Everyone loves a loser, and King Creosote certainly seems to love playing one. Not that Kenny Anderson, the King himself, is doing all that badly these days. Perhaps the part of the world he hails from inspires an in-built sense of self-deprecation.
Based in the town of Anstruther, Fife, Anderson is the driving force behind the Fence record label, a resting place for a host of folk-tinged Scots musicians whose other most famous name is Domino Records' James Yorkston. A little more gentrified than the old mining communities of central Fife, the fishing ports of East Neuk – of which Anstruther is one – still form a bread-and-butter community that might see musicianship as a particularly affected and inconsequential vocation.
Unless, of course, your music takes you to national recognition, which is why K T Tunstall – from just up the road in St Andrews, and a sometime Fence accomplice – finds acceptance in the locality for being a "proper" pop star. You get the feeling that Anderson, though, doesn't get to overplay his occupation much, so his variety of stagecraft is built on an amiable but almost self-flagellating brand of humility.
Fluffy-bearded and anonymously dressed in brown jeans and a shapeless grey jumper, he recounts how his detailed calculations tell him that the previous night's gig in Durness saw his crowd shrink to one-18th of its size after a particularly tasteless gag went awry. "The new album peaked at number 98 in the top 100," he gleefully informs, "and it's now racing towards 200." Even an encore, Anderson says, will only happen if the audience can muster any appreciation for what has gone before.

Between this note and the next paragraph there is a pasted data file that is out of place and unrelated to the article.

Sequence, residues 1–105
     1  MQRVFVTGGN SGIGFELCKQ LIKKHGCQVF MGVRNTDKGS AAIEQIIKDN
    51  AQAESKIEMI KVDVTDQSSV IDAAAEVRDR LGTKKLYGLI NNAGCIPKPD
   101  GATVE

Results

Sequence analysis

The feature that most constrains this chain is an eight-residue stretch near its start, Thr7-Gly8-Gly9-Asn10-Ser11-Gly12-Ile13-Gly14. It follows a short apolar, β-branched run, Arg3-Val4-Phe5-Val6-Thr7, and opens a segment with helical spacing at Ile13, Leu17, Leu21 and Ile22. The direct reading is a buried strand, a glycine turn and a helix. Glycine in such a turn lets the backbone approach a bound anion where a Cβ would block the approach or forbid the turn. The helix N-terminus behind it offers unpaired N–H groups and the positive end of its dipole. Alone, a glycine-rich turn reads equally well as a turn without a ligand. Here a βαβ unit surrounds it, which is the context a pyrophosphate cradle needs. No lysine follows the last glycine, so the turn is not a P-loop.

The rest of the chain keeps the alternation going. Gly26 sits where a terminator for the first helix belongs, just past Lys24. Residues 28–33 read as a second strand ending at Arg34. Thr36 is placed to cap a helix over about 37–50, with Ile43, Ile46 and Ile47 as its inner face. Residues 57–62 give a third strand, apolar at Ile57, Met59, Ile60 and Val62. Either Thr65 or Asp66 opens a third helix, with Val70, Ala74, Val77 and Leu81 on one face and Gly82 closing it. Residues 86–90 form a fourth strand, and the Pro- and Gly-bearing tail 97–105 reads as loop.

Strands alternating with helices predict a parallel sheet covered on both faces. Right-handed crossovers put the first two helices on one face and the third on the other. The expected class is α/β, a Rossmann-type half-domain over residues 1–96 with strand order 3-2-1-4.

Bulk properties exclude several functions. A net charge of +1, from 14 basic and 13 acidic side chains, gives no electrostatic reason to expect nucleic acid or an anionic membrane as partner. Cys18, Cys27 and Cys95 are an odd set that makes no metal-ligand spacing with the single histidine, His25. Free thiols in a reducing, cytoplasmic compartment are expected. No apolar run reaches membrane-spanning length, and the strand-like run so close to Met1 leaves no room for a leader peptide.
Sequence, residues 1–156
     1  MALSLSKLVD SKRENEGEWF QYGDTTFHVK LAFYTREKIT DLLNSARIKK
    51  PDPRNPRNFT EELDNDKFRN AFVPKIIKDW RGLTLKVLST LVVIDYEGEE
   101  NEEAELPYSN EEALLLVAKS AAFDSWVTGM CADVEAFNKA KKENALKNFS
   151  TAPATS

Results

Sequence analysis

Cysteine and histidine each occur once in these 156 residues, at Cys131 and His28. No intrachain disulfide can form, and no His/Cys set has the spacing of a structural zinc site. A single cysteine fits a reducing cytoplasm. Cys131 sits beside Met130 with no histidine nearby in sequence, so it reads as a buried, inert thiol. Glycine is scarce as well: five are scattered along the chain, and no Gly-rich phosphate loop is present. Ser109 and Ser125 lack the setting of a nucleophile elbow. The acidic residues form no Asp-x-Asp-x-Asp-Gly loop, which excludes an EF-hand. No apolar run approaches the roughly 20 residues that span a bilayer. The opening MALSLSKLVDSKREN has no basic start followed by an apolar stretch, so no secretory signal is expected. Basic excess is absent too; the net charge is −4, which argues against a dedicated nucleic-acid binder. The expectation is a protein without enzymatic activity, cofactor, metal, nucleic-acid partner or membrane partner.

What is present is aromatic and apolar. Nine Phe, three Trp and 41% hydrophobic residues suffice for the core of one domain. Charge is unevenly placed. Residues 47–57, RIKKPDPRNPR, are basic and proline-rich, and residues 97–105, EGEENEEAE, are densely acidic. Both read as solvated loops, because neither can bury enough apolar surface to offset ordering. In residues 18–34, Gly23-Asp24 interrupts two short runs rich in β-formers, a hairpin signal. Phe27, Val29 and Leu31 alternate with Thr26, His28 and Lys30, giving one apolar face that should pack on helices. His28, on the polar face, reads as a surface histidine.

Each of these self-inflicted put-downs is laced with knowing humour between himself and the band (similarly aliased Fence acolytes On the Fly, The Pictish Trail and Uncle Beasley), though you get the feeling that Anderson really doesn't like talking himself up. All of which adds to his appeal, because someone with so much going for him and no inclination to shout about it is a refreshing change on the ego-strewn battlefield of pop.
Delicate accordion shanties blend into precise passages of chiming guitar-pop storytelling in an almost Springsteen-like mould, then dissolve into squalling Stone Roses-influenced epics. There were many highlights, including a tremulous solo version of the nautical-themed ballad "Admiral", the uncharacteristic Blondie-aping rhythm of "Twin Tub Twin", and a bit of audience participation during "At the WAL", with the crowd rather amusingly asked to imitate the wasps that Anderson says he's so scared of (it's a metaphor for womankind).
In the gruff romanticism of "Favourite Girl", he also has an utterly gorgeous signature track, which might bring a tear to even a hard-bitten Fifer's eye. He did get an encore, in case you're wondering; in fact, he got two, and thoroughly deserved them both.
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